Guest Post: Erich Miller
The awareness that it would have been my dad’s 84th birthday bobbed in and out of my consciousness last Tuesday as I woke, as I debated Yerba Mate or coffee, as I arrived at work and began composing diplomatic e-mails in my mind to co-workers who seem challenged to accomplish the most rudimentary elements of their jobs. But it wasn’t until about 1 p.m. when I drove my work vehicle to the Food Bank for a weekly pick up of cereals, pastry and endless varieties of granola bars that had under-performed at market that I had to stop, bow my head and utter a quiet “Hi, Dad.”
It was the massive crates packed with onions—row after row of them—neatly stacked on the Food Bank’s loading dock that landed me firmly in the realm of Dad Consciousness. Their sweet, soily scent promptly had me sitting shotgun in my dad’s small blue truck with the white campershell, some iteration of family Labrador happily trying to gain its footing in the truck’s rear as we drove through one or another allium-rich California valley. Depending on the time of year, we might have been heading east across the San Joaquin toward the Sierras or south toward the Tehachapis. Often it was through the southernmost Santa Clara to a ranch out near Gustine where he hunted ducks in the Fall.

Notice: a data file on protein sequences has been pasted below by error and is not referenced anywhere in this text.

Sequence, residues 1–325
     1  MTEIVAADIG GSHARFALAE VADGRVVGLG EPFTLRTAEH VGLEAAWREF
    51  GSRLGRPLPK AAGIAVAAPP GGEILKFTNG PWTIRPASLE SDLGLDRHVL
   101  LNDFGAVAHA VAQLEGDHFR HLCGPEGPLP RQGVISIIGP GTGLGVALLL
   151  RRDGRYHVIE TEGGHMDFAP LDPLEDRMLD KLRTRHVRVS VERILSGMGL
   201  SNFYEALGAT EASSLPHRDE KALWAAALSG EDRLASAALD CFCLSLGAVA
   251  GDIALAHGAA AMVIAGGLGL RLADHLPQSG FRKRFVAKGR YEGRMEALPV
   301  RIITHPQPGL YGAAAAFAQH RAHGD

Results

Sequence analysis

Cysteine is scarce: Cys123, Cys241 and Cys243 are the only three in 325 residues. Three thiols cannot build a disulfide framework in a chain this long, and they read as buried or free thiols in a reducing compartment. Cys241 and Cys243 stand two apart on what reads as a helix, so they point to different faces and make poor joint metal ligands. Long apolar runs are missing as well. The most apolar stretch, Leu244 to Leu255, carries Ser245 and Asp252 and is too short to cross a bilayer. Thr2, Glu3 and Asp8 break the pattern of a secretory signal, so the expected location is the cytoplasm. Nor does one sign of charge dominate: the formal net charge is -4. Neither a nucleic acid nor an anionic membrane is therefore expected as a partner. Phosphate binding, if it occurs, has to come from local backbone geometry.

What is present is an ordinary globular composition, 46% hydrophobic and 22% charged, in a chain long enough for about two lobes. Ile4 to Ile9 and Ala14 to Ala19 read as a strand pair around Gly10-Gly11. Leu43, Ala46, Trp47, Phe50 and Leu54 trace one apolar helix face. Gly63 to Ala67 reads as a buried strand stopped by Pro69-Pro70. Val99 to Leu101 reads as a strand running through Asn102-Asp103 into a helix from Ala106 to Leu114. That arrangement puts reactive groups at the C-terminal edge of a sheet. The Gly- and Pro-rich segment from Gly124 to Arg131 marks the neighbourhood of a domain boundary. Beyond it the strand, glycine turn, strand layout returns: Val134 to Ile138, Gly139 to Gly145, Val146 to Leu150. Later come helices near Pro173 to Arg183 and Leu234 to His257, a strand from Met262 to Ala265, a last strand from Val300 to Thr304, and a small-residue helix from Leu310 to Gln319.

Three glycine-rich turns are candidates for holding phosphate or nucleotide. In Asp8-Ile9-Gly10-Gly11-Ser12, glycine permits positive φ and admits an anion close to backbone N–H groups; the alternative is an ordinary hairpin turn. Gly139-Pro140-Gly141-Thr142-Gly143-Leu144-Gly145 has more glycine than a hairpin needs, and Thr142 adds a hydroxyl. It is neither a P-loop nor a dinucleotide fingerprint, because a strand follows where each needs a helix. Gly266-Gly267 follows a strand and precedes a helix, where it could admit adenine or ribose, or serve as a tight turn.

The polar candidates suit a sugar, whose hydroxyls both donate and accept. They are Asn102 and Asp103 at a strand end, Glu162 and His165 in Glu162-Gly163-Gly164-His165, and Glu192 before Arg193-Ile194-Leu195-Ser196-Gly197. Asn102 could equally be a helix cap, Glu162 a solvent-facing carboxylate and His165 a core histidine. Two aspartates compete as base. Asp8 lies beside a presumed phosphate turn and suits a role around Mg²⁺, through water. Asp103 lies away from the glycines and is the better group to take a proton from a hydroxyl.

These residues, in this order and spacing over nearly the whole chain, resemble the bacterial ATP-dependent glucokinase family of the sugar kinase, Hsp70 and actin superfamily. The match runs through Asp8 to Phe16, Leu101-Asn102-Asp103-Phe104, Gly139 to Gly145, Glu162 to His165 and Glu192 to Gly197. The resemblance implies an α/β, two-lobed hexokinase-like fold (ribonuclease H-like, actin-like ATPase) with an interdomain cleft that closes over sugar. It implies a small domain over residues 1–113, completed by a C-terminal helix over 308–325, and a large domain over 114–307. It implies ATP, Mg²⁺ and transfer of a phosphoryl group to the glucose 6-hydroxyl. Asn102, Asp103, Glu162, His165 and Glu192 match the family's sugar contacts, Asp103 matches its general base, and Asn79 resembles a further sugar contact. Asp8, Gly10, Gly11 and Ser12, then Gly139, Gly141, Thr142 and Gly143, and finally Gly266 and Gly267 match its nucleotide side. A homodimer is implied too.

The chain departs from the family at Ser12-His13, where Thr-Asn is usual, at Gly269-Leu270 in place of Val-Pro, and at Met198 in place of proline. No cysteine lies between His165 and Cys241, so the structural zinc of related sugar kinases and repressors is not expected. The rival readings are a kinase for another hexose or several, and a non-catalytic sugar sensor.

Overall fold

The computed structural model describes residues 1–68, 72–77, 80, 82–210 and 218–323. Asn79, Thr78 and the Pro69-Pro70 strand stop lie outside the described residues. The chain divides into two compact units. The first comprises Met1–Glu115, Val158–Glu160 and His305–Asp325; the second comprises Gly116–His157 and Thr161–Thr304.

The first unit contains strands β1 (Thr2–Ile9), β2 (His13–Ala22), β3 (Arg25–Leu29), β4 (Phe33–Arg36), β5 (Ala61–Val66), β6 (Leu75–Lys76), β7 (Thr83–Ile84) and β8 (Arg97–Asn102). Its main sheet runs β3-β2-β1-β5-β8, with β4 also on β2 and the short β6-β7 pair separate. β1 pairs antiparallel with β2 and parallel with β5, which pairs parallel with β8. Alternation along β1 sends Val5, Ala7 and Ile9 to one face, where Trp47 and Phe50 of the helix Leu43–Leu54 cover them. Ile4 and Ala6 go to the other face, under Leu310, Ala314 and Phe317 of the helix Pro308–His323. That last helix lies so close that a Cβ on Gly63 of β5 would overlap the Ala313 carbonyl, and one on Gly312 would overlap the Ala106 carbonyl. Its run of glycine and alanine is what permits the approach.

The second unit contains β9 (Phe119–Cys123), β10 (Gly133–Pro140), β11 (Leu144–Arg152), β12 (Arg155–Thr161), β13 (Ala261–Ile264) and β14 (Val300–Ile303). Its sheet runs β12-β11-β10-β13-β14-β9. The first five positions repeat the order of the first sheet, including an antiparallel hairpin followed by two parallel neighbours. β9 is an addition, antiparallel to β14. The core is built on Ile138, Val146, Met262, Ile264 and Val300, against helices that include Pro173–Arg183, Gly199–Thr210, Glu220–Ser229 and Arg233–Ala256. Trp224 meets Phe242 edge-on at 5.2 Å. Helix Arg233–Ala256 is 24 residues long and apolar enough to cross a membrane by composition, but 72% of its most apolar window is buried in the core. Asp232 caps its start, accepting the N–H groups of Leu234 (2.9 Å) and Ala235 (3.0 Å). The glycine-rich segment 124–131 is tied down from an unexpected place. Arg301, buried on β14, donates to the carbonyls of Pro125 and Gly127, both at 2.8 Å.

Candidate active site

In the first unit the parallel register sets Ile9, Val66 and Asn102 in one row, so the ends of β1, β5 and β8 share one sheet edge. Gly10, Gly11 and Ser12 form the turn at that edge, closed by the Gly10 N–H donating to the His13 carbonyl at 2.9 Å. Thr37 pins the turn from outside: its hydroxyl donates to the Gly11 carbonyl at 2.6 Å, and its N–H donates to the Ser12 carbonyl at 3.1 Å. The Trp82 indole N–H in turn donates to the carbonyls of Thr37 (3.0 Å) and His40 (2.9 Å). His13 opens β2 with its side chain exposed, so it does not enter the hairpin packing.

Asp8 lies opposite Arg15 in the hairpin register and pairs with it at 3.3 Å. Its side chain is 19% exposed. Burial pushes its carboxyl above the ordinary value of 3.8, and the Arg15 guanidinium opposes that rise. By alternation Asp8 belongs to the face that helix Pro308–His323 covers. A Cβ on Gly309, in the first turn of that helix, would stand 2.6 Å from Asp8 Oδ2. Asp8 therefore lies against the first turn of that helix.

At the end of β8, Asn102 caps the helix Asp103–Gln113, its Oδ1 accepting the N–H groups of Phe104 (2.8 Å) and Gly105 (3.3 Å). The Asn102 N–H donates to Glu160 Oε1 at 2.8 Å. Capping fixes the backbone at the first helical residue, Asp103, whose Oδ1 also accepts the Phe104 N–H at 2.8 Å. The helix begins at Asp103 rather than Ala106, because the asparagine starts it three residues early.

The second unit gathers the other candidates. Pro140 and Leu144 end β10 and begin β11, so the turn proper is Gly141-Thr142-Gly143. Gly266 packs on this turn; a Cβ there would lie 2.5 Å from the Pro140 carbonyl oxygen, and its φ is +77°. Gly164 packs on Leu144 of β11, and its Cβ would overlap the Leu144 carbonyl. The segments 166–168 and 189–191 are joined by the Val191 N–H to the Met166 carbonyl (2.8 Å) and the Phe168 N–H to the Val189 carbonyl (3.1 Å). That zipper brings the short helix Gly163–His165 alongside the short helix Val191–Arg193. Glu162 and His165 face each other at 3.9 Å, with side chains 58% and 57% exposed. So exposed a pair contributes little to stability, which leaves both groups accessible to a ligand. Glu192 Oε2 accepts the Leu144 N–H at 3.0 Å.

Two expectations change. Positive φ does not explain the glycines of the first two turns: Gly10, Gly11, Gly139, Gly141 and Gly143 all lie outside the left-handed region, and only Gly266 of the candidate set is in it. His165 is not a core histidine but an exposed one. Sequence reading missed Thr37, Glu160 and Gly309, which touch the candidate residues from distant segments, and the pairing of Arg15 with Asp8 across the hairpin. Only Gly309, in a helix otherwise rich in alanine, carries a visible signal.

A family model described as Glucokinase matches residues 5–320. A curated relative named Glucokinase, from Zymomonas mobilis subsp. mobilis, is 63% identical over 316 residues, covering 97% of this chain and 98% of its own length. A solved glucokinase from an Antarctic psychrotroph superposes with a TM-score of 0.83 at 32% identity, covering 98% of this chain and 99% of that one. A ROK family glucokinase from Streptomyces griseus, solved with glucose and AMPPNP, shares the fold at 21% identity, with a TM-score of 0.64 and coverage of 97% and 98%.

These jaunts aren’t evocative to me today because they were peppered with nurturing moments where I confided my hopes and fears and where my dad responded warmly with his own experience—indeed, those kinds of parent-child conversations may be the exception rather than the rule. Rather, the memories of these times in my dad’s blue truck are evocative to me because they were the times my dad and I were least prone to being at cross-purposes. On these trips he didn’t have to contend with the specter of how unrelateable I was to him, from the shallow (my love for 70’s rock musicals as a little boy, to my habit of repurposing his old military uniforms into adolescent haute couture) to the less shallow (my need for an adult who was secure enough in himself to help me face a not-so-embracing world). I, in turn, didn’t have to contend with him glaring with exasperated frustration at one of my report cards.